14:1-5 Prophesying, that is, explaining Scripture, is compared with speaking with tongues. This drew attention, more than the plain interpretation of Scripture; it gratified pride more, but promoted the purposes of Christian charity less; it would not equally do good to the souls of men. What cannot be understood, never can edify. No advantage can be reaped from the most excellent discourses, if delivered in language such as the hearers cannot speak or understand. Every ability or possession is valuable in proportion to its usefulness. Even fervent, spiritual affection must be governed by the exercise of the understanding, else men will disgrace the truths they profess to promote.
1Co 14:1-25. Superiority of Prophecy over Tongues.
1. Follow after charity—as your first and chief aim, seeing that it is "the greatest" (1Co 13:13).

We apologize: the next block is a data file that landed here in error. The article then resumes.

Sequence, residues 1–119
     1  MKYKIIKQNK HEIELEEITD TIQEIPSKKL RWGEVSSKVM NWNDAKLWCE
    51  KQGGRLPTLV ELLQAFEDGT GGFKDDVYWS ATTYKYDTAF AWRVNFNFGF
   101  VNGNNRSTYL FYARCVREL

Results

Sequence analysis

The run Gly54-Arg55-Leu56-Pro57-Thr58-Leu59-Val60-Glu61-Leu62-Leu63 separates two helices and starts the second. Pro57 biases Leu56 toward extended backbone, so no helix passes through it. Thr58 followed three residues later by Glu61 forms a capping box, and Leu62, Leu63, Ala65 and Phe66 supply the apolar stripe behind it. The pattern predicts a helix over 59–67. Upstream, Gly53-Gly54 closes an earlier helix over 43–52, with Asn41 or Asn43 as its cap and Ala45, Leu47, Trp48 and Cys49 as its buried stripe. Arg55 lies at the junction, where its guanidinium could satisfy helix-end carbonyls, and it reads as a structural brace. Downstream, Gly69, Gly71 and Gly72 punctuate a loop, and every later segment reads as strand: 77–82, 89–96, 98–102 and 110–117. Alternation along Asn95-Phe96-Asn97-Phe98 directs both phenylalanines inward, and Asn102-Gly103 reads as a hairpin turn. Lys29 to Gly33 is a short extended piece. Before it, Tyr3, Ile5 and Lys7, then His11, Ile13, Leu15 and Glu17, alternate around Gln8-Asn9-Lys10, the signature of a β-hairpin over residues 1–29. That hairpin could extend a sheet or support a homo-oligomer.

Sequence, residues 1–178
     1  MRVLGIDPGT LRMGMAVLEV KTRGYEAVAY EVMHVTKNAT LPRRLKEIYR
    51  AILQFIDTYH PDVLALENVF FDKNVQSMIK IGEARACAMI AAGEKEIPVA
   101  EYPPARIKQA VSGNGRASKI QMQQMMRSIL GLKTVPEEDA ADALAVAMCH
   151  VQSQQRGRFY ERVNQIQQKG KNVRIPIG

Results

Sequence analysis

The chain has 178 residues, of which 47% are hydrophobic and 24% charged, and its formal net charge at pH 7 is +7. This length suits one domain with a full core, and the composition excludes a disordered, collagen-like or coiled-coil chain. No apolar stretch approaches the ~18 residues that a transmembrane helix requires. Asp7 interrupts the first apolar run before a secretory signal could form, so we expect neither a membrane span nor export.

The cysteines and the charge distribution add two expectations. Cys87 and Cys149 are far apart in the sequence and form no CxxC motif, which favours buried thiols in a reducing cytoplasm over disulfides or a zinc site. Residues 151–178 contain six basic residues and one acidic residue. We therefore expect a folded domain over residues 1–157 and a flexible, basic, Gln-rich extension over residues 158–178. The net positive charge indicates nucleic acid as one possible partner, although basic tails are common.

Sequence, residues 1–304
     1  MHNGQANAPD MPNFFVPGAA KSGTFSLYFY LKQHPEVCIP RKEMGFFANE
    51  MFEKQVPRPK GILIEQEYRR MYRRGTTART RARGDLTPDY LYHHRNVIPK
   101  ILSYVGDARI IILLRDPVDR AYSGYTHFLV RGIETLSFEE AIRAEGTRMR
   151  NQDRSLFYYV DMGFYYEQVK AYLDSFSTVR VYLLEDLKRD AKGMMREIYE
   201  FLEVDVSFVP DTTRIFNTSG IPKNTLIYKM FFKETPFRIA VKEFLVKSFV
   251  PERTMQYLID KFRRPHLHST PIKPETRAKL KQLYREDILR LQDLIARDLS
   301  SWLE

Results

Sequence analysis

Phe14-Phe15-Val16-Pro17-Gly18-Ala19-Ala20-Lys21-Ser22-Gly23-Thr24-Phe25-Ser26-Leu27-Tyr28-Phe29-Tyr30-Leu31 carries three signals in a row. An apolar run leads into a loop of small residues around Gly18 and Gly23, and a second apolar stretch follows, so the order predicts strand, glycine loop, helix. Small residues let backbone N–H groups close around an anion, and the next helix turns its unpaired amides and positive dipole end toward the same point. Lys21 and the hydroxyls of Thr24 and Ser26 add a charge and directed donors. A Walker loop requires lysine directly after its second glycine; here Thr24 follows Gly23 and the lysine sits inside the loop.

and desire—Translate, "Yet (as a secondary aim) desire zealously (see on 1Co 12:31) spiritual gifts."
but rather—"but chiefly that ye may prophesy" (speak and exhort under inspiration) (Pr 29:18; Ac 13:1; 1Th 5:20), whether as to future events, that is, strict prophecy, or explaining obscure parts of Scripture, especially the prophetical Scriptures or illustrating and setting forth questions of Christian doctrine and practice. Our modern preaching is the successor of prophecy, but without the inspiration. Desire zealously this (prophecy) more than any other spiritual gift; or in preference to "tongues" (1Co 14:2, &c.) [Bengel].